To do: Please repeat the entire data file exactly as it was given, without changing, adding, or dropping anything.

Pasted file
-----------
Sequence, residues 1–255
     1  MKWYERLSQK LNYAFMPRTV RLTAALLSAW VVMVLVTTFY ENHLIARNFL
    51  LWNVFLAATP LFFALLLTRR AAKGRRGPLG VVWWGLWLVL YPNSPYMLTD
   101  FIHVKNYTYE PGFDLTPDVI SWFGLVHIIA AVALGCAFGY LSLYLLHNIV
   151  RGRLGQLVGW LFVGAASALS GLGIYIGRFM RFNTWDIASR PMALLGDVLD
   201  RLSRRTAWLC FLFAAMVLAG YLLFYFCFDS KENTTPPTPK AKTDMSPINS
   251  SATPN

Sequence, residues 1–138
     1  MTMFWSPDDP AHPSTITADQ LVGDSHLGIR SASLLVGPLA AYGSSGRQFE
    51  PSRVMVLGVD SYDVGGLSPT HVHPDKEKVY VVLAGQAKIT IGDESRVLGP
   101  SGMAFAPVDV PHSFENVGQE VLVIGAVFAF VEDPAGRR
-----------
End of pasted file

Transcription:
Sequence, residues 1–255
     1  MKWYERLSQK LNYAFMPRTV RLTAALLSAW VVMVLVTTFY ENHLIARNFL
    51  LWNVFLAATP LFFALLLTRR AAKGRRGPLG VVWWGLWLVL YPNSPYMLTD
   101  FIHVKNYTYE PGFDLTPDVI SWFGLVHIIA AVALGCAFGY LSLYLLHNIV
   151  RGRLGQLVGW LFVGAASALS GLGIYIGRFM RFNTWDIASR PMALLGDVLD
   201  RLSRRTAWLC FLFAAMVLAG YLLFYFCFDS KENTTPPTPK AKTDMSPINS
   251  SATPN

Sequence, residues 1–138
     1  MTMFWSPDDP AHPSTITADQ LVGDSHLGIR SASLLVGPLA AYGSSGRQFE
    51  PSRVMVLGVD SYDVGGLSPT HVHPDKEKVY VVLAGQAKIT IGDESRVLGP
   101  SGMAFAPVDV PHSFENVGQE VLVIGAVFAF VEDPAGRR